A Cognitively Based Treatment Model for DSM-IV Dissociative Identity Disorder

  • Catherine G. Fine


Dissociative identity disorder (DID) is the most recent renaming by the American Psychiatric Association (1994) of a psychiatric syndrome that has been recorded from the time of Paracelsus (sixteenth century) (Bliss, 1986; Kluft, 1991). Its recognition has waxed and waned more as a function of the socioreligious Zeitgeist and the psychological theory(ies) dominating the era than from actual variations or fluctuations of the disorder itself. The curious archivist and medical historian (Ellenberger, 1970) could readily track the various literature pools and obscure sources to shed some light on the epidemiology of dissociative disorders. More recently, clinicians with an interest in history and psychoarcheology have collected, reexamined, reviewed, and sometimes reinterpreted past misdiagnosed conditions to be dissociative ones (Goodwin, 1993). Skeptics of the existence of dissociative disorders remain: some on politicophilosophical grounds (Orne, 1984a; Orne, Dinges, & Orne, 1984), others because they have never seen them in their practice (Chodoff, 1987), and many because they are repulsed by the possibility that child abuse, which is part of the etiology of DID in 97% of the cases (Putnam, Guroff, Silberman, Barban, & Post, 1986), could be so prevalent. However, an increasing number of men and women are currently being appropriately diagnosed with DID.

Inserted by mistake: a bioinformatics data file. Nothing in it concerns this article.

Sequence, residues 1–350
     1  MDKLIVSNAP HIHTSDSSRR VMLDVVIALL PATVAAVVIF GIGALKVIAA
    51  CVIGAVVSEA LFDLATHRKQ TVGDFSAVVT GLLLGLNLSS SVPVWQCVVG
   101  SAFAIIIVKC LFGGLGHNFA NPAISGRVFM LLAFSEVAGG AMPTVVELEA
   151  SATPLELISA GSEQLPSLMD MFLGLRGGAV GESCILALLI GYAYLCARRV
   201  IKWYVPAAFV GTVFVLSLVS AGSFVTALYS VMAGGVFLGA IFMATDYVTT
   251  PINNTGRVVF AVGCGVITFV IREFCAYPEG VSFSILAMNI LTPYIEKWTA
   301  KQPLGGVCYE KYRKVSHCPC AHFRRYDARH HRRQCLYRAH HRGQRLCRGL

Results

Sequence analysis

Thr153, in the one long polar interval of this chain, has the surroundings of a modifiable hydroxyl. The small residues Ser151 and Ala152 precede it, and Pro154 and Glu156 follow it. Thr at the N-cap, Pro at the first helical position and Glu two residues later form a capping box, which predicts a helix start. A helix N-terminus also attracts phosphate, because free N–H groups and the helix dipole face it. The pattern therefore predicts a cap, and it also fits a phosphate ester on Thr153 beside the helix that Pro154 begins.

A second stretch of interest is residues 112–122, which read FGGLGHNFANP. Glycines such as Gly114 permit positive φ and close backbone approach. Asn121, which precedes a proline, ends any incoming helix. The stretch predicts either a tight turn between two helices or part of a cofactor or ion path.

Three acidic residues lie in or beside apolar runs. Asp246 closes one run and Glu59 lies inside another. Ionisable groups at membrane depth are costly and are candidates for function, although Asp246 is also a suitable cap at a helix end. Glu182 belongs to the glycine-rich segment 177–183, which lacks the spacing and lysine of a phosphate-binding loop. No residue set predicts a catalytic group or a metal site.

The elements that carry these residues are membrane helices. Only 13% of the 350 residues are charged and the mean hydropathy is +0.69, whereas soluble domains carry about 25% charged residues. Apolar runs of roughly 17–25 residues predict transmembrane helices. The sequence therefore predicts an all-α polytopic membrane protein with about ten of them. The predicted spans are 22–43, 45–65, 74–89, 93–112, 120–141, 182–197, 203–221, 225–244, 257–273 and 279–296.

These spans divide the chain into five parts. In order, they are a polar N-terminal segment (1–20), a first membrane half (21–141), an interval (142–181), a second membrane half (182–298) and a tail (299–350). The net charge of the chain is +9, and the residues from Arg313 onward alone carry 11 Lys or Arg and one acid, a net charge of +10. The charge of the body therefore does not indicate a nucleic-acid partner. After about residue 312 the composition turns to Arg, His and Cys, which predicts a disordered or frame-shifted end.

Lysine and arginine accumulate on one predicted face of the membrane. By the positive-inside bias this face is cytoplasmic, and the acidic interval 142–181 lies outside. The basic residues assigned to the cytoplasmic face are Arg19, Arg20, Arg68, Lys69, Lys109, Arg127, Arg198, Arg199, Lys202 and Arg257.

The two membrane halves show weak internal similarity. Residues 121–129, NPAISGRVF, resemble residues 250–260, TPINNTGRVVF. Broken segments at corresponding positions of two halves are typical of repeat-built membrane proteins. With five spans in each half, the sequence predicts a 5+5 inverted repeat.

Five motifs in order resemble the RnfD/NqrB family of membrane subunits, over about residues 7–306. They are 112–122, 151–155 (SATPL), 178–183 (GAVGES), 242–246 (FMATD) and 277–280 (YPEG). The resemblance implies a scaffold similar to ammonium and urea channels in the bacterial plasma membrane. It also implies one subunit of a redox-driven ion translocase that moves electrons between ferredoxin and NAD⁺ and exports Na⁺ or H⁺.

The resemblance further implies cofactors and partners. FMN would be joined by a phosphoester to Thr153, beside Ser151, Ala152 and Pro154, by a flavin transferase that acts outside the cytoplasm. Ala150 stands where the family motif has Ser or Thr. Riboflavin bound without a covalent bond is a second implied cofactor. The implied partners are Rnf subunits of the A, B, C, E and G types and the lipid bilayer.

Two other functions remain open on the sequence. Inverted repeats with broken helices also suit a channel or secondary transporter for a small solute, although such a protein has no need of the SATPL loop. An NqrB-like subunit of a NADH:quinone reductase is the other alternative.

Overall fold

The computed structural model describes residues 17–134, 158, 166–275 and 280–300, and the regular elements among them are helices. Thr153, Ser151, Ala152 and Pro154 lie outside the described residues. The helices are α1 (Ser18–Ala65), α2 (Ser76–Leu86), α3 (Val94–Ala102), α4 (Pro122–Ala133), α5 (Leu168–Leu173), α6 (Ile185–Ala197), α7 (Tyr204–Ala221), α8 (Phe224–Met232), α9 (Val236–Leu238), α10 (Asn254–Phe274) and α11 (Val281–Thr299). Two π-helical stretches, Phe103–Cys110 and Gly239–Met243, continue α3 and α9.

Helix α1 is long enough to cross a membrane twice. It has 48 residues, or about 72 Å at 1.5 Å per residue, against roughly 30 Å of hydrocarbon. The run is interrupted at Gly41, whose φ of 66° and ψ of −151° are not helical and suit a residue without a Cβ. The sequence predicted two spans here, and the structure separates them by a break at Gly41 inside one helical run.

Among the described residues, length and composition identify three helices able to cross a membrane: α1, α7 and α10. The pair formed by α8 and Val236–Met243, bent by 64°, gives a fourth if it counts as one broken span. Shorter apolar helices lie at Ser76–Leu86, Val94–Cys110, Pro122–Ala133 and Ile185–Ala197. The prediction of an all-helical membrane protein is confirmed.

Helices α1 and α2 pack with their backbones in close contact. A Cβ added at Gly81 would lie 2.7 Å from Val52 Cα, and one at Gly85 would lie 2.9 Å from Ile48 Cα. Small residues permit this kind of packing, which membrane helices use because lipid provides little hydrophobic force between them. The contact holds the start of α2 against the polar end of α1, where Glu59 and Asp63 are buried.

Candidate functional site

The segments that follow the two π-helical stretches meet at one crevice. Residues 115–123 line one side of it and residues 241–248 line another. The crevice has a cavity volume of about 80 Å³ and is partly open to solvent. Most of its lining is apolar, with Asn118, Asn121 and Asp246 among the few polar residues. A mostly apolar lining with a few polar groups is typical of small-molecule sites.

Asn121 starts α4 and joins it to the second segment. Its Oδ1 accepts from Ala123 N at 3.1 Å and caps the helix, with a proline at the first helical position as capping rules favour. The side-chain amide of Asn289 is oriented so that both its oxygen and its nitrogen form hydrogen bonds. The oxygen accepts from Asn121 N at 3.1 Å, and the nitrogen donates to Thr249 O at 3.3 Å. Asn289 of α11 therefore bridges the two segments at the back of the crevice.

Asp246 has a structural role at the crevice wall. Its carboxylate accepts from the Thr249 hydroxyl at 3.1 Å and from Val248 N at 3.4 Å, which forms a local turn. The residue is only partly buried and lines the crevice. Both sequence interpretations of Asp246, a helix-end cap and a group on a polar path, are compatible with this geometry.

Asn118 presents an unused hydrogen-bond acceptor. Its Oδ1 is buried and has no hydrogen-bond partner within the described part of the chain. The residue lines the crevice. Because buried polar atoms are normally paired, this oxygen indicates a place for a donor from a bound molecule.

Cognitive Therapy Schema Compensation Cognitive Schema Therapeutic Alliance Cognitive Distortion 
These keywords were added by machine and not by the authors. This process is experimental and the keywords may be updated as the learning algorithm improves.


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Copyright information

© Springer Science+Business Media New York 1996

Authors and Affiliations

  • Catherine G. Fine
    • 1
  1. 1.Dissociative Disorders UnitInstitute of Pennsylvania HospitalPhiladelphiaUSA

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